Reintegrative Shaming

Reintegrative Shame Theory provides a framework for understanding the value of shame in shaping and enforcing social norms, while also offering tools for facilitating the management of the internal experience of shame. Braithwaite, a prominent restorative justice scholar, defines reintegrative shaming as “disapproval that is respectful of the person, is terminated by forgiveness, does not label the person as evil, nor allows condemnation to result in a master status trait.” Conversely then, stigmatizing shaming is disrespectful of the person, does not terminate with forgiveness, labels the person as evil or bad, and positions the one doing the shaming in a dominant status.

With reintegrative shaming, the process for managing shame is built into the language, allowing for the separation of the act the offender committed from their inherent value as a person. Rather than incentivizing the offender to invest their emotional energies into defending their worth as a person, their integrity or status, reintegrative shaming provides more emotional space from the threat of ultimate social rejection. The possibility to reintegrate into a community, restore integrity and status, and to be forgiven, provides an important emotional buffer. This space better allows for the offender to consider the implications of their behaviors and beliefs, and to acknowledge and resolves their shame.

Stigmatizing shame, on the other hand, has been found to more likely result in unresolved shame[iii]. This has strong implication for social justice movements, especially in regards to the American criminal justice system. Those caught in the system deal with dangerous amounts of state-prescribed stigmatization , contributing to further subjugation for certain populations (e.g. people of color, transgender people, poor and homeless, etc.).

Our criminal justice system is devoid of any mechanisms to help either the victim, the offender, or the wider community in psychologically dealing with the impact of crime. When a crime gets reported, the state takes ownership of the conflict and the victim has little to no say over what happens; it becomes offender vs. the state, and the objective is to establish guilt and deliver punishment. The victims and communities are deprived of the opportunity to express their disapproval, and offenders are denied the opportunity to truly acknowledge the harm done. The victims’ traumatic narratives are subjected to hostile interrogation, and the offender has a vested material interest in denying culpability. Communities are deprived of the opportunity to reflect on the structural inequalities that contribute to criminal behavior, and robbed of the power/responsibility to come together and address them. The structural problems don’t get addressed, neither the victim nor the offender gets a chance to express their stories in a constructive manner, and the wider community is exposed to a partial picture with which to form their judgments. Our criminal justice system, in a sense, is the ultimate unresolved shame producing machine.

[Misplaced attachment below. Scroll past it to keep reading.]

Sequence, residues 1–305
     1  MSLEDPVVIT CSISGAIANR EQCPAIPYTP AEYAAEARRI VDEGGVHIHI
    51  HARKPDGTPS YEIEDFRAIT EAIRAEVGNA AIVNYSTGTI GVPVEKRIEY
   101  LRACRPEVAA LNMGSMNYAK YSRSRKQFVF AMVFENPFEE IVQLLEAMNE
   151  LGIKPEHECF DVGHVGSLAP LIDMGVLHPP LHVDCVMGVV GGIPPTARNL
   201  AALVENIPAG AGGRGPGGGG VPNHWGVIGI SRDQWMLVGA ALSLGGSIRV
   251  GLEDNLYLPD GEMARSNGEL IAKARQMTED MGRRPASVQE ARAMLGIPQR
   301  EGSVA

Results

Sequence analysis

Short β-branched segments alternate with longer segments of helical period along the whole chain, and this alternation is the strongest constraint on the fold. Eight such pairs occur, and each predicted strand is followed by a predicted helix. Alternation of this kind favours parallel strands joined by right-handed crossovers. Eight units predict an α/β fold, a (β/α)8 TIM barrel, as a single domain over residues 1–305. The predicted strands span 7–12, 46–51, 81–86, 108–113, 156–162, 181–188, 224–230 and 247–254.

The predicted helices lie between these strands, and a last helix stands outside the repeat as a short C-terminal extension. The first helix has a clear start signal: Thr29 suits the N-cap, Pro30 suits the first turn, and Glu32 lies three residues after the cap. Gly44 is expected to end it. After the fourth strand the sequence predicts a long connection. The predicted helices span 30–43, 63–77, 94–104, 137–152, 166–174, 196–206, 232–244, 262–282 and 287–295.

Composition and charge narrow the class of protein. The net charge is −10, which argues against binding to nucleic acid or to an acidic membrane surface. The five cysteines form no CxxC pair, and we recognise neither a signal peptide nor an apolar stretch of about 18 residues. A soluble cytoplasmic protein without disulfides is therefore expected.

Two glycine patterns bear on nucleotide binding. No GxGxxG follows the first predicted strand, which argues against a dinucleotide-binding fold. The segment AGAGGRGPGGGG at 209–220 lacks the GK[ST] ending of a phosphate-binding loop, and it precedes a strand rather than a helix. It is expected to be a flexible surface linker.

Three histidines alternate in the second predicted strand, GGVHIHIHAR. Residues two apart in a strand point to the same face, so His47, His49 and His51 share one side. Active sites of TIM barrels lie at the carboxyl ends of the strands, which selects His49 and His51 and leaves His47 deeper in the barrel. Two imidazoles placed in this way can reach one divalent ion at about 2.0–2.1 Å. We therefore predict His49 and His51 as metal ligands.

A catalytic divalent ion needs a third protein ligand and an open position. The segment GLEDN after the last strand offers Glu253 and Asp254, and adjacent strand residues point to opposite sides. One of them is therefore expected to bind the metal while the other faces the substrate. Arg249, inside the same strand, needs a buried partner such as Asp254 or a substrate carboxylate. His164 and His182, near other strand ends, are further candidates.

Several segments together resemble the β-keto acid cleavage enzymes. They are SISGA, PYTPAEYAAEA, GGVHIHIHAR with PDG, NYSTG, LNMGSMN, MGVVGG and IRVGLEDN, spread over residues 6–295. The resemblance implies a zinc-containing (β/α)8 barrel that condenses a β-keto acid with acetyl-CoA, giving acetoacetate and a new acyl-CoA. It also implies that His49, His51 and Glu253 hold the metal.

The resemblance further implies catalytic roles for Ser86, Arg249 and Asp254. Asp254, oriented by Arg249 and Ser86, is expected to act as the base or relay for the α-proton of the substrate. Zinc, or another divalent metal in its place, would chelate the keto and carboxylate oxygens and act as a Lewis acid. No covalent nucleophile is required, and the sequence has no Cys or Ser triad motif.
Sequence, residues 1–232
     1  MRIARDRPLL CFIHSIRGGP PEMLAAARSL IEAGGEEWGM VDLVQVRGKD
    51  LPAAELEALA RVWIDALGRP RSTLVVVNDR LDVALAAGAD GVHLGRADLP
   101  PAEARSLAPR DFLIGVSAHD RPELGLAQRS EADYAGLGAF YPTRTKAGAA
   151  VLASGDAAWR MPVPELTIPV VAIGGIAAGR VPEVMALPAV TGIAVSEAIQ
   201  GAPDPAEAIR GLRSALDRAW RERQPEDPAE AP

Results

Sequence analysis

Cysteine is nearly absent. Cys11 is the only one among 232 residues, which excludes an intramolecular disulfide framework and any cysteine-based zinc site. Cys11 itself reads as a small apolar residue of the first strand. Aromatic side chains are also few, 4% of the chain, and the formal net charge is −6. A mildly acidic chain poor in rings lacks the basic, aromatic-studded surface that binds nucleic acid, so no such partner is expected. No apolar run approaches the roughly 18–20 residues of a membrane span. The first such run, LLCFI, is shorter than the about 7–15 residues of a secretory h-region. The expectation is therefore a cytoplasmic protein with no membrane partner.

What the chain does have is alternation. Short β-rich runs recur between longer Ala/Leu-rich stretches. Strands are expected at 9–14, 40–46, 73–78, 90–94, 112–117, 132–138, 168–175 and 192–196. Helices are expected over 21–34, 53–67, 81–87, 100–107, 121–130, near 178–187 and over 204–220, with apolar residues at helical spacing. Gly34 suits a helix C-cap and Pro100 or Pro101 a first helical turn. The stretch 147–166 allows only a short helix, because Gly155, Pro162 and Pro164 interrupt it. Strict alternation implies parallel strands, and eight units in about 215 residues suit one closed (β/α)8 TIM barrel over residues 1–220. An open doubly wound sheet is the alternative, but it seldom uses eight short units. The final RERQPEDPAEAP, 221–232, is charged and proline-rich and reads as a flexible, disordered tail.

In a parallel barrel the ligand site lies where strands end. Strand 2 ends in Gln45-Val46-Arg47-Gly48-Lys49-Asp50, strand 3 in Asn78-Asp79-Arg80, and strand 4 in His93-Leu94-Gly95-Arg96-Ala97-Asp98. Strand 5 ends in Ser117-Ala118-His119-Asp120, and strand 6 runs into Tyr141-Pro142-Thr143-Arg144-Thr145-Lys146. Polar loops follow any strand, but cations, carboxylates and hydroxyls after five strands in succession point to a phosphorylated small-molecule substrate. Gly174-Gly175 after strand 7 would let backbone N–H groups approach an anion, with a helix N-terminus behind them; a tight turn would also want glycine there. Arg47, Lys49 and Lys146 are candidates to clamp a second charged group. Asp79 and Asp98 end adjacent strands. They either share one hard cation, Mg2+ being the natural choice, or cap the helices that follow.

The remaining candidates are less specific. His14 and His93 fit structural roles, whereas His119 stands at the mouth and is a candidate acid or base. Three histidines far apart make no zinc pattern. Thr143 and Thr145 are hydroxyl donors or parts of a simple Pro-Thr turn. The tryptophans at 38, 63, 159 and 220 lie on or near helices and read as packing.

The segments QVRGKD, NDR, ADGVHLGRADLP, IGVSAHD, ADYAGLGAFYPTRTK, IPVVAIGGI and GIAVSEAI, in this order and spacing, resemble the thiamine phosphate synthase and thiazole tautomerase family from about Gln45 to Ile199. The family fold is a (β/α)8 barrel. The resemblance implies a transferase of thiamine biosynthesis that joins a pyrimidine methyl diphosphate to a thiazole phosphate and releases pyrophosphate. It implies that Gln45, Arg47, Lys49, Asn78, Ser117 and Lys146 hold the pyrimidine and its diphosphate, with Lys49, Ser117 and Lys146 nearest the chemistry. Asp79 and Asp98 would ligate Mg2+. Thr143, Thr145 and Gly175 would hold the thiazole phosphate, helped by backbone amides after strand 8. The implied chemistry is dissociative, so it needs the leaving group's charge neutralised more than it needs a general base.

Reflecting on our Use of Shame in Callout Culture

While the harsh tactics of callout culture are both rational and even necessary in some circumstances, they are not without negative consequences — especially when applied uncritically, and even more so when applied within marginalized communities. On the other hand, we should also be very careful in our critique of those in marginalized identities employing those tactics to defend themselves. It is no coincidence that many of us with marginalized identities wrestle with unresolved shame ourselves; shame and trauma go hand in hand, and trauma is disproportionately distributed. In spite of this fact — and because of this fact — there exists a moral and political imperative for social justice communities to strive to develop more mature relationships with shame.